The latest data from the Climate Prediction Center indicates the EL Nino that was building during the later part of the winter and the spring, has for the most part, stopped building, stabilized and fallen from last months values. In other words, the above normal values we have had in the previous months have reversed with values near/at normal levels.
What does this mean for the remainder of the Hurricane Season? Well, as we are nearing the seasonal peak of the season (the peak occurs during the second week of September), we should see more favorable conditions returning to the Atlantic Ocean basin over the next few weeks, which should result in the development of tropical storms/Hurricanes as we should be see. So the relative quiet we have enjoyed so far should be replaced with more active storms, maybe more than once active storm at a time.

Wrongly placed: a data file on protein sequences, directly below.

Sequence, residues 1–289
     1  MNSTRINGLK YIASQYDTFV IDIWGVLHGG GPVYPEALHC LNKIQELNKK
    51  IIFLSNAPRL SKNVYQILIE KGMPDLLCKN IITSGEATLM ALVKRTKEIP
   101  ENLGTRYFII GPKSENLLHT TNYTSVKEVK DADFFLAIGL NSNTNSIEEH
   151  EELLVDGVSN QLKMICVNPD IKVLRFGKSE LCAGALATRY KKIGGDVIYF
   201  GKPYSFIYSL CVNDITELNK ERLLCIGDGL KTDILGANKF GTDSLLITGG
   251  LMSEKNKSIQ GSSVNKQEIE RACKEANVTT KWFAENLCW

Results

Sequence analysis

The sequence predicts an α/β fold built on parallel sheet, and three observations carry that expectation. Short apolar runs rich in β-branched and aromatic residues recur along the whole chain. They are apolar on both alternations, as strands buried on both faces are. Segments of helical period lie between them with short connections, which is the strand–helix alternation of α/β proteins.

Should the El Nino remain weak, this should also affect the upcoming 2019 winter season. This may result more snow storms for the eastern/US. Granted, the eastern/US has had its share of winter storms the last few years. What could be different this year from previous years, is that the more coastal/sections and more southern regions that have enjoyed relatively mild and less than average snowfalls could see an increase in coastal storms, cold air and snow fall amounts. It may be a good year to stock up on salt/sand and get an extra shovel or two.